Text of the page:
Tall Order on the Horizon for the Tall Texan
Not really sure what level of comfort Tampa Bay Rays SP Jeff Niemann has to push away a team offer of $ 2.75 million and hold out in the hope of making his change pocket jingle with his own arbitration figure of $ 3.25 million. Is the difference of a measly $ 500,000 really worth possibly alienating your own 2012 future with a team that already might be considering trading or even banishing you to the Bullpen?
Niemann definitely knows he is not honestly being considered for any of the Top 3 Rays 2012 rotation spots,possibly only penciled in as the 5th starter because the Rays will probably send rookie sensation Matt Moore to Triple-A Durham until mid-May. Not sure if even tipping the boat in a minor way is the right thing to do when you are not on a solid foundation with the franchise in terms of your overall pitching health, and a small bout of inconsistent throwing over the past 2 seasons.
Sure you cut an intimidating figure on the mound at 6’9”, but the Rays have their own bit of intimidation at their disposal going a perfect 4-0 against Rays players who dared go into the arbitrator’s chamber with them. But this shows a new level of confidence from the “Tall Texan”, and might end up being the best thing to happen to him this Spring.
But even Niemann has to admit he is not a solid “ sure thing” to make the Rays rotation in 2012. This off-season feels much like the Spring of 2009 when Niemann had to battle ex Ray SP Jason Hammel throw-for-throw during the Spring until the Rays made the decision easier by trading Hammel to the Colorado Rockies on April 5, 2009 for pitcher Aneury Rodriguez.
Seems to me that if Niemann’s arbitration years had started in 2009 or 2010 he might have more foundation to stand on his proposed arbitration figure as his win totals of 13 victories in 2009 and 12 in 2010 are a step above his 2011 total of 11 wins. But maybe Niemann and his agent are banking on the facts his 4.06 ERA was the second best final ERA of his Rays career.
Not sure what the mathematical equations or system Niemann and his agent are using to bring up a $500,000 windfall over the Rays offer, but we know it is not based on Niemann’s last start (38 pitches, 1 inning of work) or the fact Niemann was on the shelf for a total of 42 games, effectively only making 23 starts in 2011 while compiling his 11-7 record. Still, having only 5 no-decisions is a nice accomplishment, but it certainly is not worth half a million dollars.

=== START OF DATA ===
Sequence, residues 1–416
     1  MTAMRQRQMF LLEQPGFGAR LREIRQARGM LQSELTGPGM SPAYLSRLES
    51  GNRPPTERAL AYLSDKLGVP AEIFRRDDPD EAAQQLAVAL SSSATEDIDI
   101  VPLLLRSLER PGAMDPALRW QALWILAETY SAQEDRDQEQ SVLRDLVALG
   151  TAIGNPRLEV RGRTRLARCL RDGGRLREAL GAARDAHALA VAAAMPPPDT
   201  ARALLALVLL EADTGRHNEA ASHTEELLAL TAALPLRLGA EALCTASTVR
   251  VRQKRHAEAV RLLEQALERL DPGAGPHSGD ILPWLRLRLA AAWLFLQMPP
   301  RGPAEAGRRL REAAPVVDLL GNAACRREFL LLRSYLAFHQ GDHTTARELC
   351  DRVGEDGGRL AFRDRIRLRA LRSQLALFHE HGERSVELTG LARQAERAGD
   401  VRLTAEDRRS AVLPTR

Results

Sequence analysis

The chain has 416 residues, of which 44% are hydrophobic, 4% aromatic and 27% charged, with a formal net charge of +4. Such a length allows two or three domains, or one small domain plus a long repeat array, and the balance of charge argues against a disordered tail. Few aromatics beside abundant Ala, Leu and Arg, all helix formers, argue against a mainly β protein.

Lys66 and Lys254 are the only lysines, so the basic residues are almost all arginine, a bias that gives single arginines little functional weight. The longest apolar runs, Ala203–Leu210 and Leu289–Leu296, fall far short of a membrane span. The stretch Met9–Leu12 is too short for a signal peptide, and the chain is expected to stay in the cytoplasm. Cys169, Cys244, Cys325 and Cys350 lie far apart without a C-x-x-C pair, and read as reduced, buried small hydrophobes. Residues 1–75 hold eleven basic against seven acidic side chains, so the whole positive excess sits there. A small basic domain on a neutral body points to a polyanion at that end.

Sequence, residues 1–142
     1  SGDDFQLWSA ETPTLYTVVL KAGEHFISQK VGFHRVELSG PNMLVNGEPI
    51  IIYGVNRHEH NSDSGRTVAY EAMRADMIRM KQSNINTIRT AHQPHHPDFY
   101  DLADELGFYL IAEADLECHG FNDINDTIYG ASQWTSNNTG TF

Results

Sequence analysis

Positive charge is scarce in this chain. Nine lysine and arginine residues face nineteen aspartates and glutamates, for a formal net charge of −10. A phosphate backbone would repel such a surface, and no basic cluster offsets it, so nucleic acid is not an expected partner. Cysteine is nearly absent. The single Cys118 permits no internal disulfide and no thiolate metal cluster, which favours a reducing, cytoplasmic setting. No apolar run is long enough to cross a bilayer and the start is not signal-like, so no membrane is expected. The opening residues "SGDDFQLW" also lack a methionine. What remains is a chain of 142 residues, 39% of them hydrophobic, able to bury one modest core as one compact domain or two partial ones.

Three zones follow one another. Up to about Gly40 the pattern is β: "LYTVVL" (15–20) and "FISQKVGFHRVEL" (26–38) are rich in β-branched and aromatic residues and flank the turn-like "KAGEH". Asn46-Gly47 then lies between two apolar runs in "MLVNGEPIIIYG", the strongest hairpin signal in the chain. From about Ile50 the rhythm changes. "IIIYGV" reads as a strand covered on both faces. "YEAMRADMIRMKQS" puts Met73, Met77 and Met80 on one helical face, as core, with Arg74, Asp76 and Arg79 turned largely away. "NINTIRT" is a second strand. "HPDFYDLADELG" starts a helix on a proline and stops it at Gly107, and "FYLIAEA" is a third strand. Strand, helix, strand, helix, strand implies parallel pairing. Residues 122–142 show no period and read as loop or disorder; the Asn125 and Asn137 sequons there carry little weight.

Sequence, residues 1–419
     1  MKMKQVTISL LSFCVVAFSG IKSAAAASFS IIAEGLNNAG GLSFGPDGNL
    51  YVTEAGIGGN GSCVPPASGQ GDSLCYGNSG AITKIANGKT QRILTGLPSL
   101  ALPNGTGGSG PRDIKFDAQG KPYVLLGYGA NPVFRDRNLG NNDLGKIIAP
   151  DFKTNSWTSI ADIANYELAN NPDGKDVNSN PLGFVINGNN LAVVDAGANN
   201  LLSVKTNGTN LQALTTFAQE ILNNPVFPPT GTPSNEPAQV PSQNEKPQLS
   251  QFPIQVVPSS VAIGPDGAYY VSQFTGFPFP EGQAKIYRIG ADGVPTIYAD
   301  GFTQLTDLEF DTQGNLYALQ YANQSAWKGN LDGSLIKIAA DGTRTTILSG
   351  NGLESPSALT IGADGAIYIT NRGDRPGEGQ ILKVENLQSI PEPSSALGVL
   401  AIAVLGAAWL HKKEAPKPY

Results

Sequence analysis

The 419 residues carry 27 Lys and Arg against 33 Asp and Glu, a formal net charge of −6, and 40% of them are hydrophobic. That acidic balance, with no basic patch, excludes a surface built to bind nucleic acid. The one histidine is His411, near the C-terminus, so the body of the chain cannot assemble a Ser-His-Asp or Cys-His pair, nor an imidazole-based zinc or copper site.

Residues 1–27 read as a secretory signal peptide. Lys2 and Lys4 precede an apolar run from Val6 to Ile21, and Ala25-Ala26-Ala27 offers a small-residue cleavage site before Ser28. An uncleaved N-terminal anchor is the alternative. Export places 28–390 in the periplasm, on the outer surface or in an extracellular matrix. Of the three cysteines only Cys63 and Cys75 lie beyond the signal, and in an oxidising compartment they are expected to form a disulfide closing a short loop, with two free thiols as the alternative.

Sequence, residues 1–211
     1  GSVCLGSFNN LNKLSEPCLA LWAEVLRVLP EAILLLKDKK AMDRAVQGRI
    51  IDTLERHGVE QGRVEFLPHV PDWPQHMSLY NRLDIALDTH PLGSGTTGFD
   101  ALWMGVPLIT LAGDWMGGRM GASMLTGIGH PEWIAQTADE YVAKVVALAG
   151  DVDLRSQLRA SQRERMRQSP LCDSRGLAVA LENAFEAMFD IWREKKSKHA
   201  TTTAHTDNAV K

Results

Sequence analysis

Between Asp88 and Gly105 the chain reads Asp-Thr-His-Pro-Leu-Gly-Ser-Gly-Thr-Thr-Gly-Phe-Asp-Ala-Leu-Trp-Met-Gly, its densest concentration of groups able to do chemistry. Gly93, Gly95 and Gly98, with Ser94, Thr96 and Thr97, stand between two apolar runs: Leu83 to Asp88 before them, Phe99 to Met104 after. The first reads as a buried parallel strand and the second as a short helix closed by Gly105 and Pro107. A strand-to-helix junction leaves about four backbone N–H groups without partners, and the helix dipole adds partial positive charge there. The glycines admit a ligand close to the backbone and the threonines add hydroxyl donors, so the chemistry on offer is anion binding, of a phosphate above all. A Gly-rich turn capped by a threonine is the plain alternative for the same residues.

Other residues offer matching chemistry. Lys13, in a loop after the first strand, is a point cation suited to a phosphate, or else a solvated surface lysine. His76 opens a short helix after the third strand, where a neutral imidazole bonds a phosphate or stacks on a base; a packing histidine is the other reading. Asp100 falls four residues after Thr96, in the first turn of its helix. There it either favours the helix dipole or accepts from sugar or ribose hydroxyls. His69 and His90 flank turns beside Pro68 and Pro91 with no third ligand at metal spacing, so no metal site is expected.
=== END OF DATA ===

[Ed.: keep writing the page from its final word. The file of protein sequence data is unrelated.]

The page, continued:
Combined his short start with the fact Niemann’s last start on Saturday, September 24 was actually 2 days later as the Rays scratched him from his Thursday start against the New York Yankees due to soreness and you see a Niemann pattern developing. But I want to keep positive here, possibly Niemann’s 5-0 record with a 2.08 ERA in his last 6 starts against AL East teams can be the boost needed to have the arbitrator seeing eye-to-eye with the Tall Texan on his arbitration case this Spring
Or possibly Niemann and his agent will flaunt the fact that since Niemann came off the DL on June 20th, and prior to his September 24th debacle start, he posted a 10-3 record with a stellar 3.41 ERA with 88 strikeouts. Possibly the Tall Texan’s team will thrust up the almighty fact Niemann was 8-2 on the road in 2011, the second best record in the American League. Adding to his road list, Niemann had a 3,27 Era on the road to go along with winning 8 of his last 9 decisions, including a complete game 3-hit exclamation point against the Red Sox in Fenway on August 17, 2011.
Maybe Niemann’s representative will be sure to note to the arbitrator that the second member of the “silent assassin” clan went 11-1 when the Rays scored at least 3 runs, plus posted 10 or more K’s in 3 of his starts. Or maybe the proverbial cherry on top of this mound of stats might be the pure fact Niemann won 7 straight decisions from June 20-August 16th, tying his career high and the Rays club record. This is also the second time in his career Niemann has done this feat, previously posting the same results from Oct. 3,2009-June 9, 2010.
Or possibly the fact Niemann went 4-1 in his 5 starts in August 2011, which tied the Rays club record for the month plus the added bonus of his July numbers when he posted a 1.06 ERA in 5 starts setting the Rays club ERA record for any month. These numbers ranked 2nd in the MLB for July, trailing only NYY CC Sabathia and lowered Niemann’s 2011 ERA from 5.58 to 3.51 in the process. Niemann also set a career strikeout mark in 2011 when on July 29th in Seattle Niemann struck out 11 Mariners over 6.2 innings breaking his previous high of 10 K’s.
Still, going up against an organization that boasts a flawless 4-0 record against their players in arbitration begs to differ the difference of $500,000 is worth all the aggravation and possible internal damage beyond the playing field. Who knows what will happen once the doors closes this Spring, or if the Rays and Niemann can somehow reach an accord before the door firmly shuts and Niemann could become another victim of the Rays arbitration winning machine.
I’m not betting on Niemann coming out of this unscathed. No matter if he wins or loses his arbitration case, Niemann has to think he is a pitcher on a bit of a death march. Even if he doesn’t come out with an arbitration victory, Niemann could still find himself out of the Rays fold by April because of the Rays developing pitching talent, and not his overall pluses or minuses to the squad. Arbitration to me seems like a no-win situation where you go into a room fighting your boss and hoping he gains respect, admiration and sees you have that killer instinct you want from your starters. I wish Niemann luck….He is going to definitely need a Texas-sided batch of it heading into his arbitration date with the Rays.